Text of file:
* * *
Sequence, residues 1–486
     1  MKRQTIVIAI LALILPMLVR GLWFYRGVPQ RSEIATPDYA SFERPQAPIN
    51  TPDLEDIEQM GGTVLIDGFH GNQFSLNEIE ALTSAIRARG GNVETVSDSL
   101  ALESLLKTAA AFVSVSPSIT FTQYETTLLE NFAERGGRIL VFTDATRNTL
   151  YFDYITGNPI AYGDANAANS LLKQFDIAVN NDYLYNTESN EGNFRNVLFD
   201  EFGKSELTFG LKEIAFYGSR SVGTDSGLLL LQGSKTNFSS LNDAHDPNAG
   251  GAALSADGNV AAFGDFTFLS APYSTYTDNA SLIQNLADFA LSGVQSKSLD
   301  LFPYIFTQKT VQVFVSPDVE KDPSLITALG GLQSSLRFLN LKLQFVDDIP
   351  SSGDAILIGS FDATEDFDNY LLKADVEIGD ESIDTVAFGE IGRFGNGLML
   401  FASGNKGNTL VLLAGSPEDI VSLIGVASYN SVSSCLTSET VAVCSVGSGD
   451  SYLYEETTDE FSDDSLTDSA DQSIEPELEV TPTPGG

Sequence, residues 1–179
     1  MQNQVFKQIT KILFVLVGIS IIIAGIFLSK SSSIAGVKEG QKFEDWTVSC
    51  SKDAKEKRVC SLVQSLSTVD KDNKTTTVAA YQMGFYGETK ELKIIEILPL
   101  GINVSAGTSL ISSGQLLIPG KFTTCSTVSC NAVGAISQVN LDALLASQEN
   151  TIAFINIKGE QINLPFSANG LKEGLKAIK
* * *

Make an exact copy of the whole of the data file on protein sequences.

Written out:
Sequence, residues 1–486
     1  MKRQTIVIAI LALILPMLVR GLWFYRGVPQ RSEIATPDYA SFERPQAPIN
    51  TPDLEDIEQM GGTVLIDGFH GNQFSLNEIE ALTSAIRARG GNVETVSDSL
   101  ALESLLKTAA AFVSVSPSIT FTQYETTLLE NFAERGGRIL VFTDATRNTL
   151  YFDYITGNPI AYGDANAANS LLKQFDIAVN NDYLYNTESN EGNFRNVLFD
   201  EFGKSELTFG LKEIAFYGSR SVGTDSGLLL LQGSKTNFSS LNDAHDPNAG
   251  GAALSADGNV AAFGDFTFLS APYSTYTDNA SLIQNLADFA LSGVQSKSLD
   301  LFPYIFTQKT VQVFVSPDVE KDPSLITALG GLQSSLRFLN LKLQFVDDIP
   351  SSGDAILIGS FDATEDFDNY LLKADVEIGD ESIDTVAFGE IGRFGNGLML
   401  FASGNKGNTL VLLAGSPEDI VSLIGVASYN SVSSCLTSET VAVCSVGSGD
   451  SYLYEETTDE FSDDSLTDSA DQSIEPELEV TPTPGG

Sequence, residues 1–179
     1  MQNQVFKQIT KILFVLVGIS IIIAGIFLSK SSSIAGVKEG QKFEDWTVSC
    51  SKDAKEKRVC SLVQSLSTVD KDNKTTTVAA YQMGFYGETK ELKIIEILPL
   101  GINVSAGTSL ISSGQLLIPG KFTTCSTVSC NAVGAISQVN LDALLASQEN
   151  TIAFINIKGE QINLPFSANG LKEGLKAIK